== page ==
Do not name a class the same as its namespace, Part Four

Do not name a class the same as its namespace, Part Four

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(This is part four of a four part series; part three is here.)

Part Four: Making the problem worse

I said earlier that the fundamental reason for namespaces in the first place was organization of types into a hierarchy, not separation of two things with similar names. But suppose you are putting something into a namespace because you have two things that are of the same name and need to be kept separate. Suppose you reason “I’m going to put List into its own namespace because List could conflict with another class named List. The user needs to be able to qualify that.”

OK, that’s fine; put List into MyContainers then. But why would you then repeat the process and put List into a child namespace in MyContainers? The most plausible reason is that the level of disambiguation achieved so far is insufficient; some other entity named List is going to be in scope in a code region where elements of MyContainers are also in scope.

Let us posit that as our cause for creating a new namespace MyContainers, and then creating a new sub-namespace, MyContainers.X, to be the declaration space of List. What name should we choose for X? If the whole point is that something else named List is in scope somewhere that elements of MyContainers are in scope, then choosing “List” for “X” is making the problem worse, not better! Before you had two things named List in scope. Now you have three things named List, two of which are in scope. This is making it more confusing without solving the problem at hand: that there are two things named List in scope.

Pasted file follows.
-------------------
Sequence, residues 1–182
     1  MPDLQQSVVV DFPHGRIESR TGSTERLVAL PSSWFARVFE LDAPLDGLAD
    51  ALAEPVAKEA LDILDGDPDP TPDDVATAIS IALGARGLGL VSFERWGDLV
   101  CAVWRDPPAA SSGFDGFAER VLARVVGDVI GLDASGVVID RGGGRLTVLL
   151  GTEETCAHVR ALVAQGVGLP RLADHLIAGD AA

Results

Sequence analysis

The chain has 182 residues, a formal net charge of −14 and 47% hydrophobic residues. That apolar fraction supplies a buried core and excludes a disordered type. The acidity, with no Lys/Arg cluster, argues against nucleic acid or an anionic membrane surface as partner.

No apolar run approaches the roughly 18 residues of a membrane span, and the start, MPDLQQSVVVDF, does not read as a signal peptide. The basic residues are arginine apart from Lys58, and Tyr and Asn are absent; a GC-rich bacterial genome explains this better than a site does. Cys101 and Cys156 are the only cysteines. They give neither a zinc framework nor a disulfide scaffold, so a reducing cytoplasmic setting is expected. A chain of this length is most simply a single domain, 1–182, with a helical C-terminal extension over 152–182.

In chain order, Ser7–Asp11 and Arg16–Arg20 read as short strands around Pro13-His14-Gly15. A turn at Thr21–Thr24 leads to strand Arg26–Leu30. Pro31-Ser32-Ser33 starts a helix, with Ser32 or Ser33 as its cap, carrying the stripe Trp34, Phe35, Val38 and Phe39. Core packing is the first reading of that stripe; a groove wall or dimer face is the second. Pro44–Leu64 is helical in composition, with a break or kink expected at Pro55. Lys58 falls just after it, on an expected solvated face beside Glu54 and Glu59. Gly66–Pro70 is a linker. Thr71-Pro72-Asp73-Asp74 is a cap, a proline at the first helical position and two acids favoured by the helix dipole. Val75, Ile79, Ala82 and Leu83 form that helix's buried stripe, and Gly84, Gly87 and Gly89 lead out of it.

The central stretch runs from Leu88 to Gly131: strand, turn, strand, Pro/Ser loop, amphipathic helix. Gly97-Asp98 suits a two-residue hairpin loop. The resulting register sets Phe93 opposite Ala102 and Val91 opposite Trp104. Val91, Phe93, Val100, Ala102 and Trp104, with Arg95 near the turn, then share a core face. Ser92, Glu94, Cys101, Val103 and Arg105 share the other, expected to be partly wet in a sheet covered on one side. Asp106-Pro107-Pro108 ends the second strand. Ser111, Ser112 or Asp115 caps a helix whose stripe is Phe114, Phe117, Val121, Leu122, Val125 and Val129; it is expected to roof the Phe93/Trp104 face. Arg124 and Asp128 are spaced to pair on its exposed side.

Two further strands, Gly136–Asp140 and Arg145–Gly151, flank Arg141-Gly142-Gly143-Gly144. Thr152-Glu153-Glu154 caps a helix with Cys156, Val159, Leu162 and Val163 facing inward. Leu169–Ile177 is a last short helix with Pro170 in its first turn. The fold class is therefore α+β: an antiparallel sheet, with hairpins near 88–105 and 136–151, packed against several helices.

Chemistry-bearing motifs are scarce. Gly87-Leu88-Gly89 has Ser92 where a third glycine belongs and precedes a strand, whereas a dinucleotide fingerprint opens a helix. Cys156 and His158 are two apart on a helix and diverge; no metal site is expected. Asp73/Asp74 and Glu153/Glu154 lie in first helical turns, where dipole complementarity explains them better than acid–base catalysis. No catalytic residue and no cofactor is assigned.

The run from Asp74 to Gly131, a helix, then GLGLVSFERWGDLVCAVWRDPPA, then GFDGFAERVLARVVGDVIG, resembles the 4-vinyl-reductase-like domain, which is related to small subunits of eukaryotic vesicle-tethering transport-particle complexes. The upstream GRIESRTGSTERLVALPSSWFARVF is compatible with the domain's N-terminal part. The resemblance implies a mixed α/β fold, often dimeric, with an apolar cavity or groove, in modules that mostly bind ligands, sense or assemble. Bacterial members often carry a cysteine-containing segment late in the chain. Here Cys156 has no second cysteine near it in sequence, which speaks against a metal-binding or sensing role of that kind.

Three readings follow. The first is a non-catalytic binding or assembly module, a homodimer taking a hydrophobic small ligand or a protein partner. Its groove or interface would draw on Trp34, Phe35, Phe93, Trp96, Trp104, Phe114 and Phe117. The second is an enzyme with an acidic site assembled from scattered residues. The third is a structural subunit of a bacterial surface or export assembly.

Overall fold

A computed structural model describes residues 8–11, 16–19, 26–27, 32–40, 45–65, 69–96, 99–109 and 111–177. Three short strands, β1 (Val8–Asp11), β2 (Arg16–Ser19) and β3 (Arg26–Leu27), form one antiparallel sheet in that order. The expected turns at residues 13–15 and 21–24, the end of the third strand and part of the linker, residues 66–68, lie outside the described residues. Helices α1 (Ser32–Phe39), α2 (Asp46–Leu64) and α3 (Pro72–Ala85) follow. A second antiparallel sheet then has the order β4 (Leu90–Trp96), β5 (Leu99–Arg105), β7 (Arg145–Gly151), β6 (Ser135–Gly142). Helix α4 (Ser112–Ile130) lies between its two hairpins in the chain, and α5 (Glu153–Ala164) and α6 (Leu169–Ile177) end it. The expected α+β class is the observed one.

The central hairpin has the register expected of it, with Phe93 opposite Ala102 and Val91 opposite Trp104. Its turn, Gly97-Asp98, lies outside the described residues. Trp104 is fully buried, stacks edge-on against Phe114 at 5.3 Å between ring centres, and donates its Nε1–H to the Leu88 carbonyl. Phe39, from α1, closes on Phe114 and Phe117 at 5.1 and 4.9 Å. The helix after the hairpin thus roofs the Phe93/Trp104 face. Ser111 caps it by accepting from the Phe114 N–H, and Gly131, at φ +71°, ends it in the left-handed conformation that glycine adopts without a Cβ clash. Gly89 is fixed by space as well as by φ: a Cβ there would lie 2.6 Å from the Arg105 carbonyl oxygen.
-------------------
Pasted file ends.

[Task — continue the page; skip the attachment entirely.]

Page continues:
Any one of these four reasons is enough to avoid this bad practice; avoid, avoid, avoid.

(This is part four of a four part series; part three is here.)

  • @Pavel: Eric's *other* claim to internet fame was having one of the earliest websites devoted to the works of J.R.R. Tolkien.  (I'm no expert on the life and times of Eric Lippert, but I have been reading through the Fabulous Adventures archives ... he's made reference to it at least once before.)

  • The way I discovered this issue was with the term 'Service'. I created a namespace to match the component, e.g. 'CustomerDataService' and then used that same name as the root implementation class, after it was the type that repesented the 'NT Service' concept. I ended up changing the component and namespace to 'CustomerDataServer' and left the class name alone. I toyed with other alternative like calling the class just 'Service', but it can be awkward in the IDE* when you have many files open all with the same name, e.g. Program.cs.

    *I'm not suggesting you name your classes just to satsify this issue.

  • Aye aye, nog.

    Say, does anybody know what happens when a class is declared not in a namespace?

    The grammar of the language requires that every class be declared in one of three places: in the global namespace (which has no name), in some other namespace, or as a nested class inside some other type declaration. Therefore every class is declared in a namespace, either directly, or indirectly via its outer types. Therefore I do not understand the question; can you clarify it? -- Eric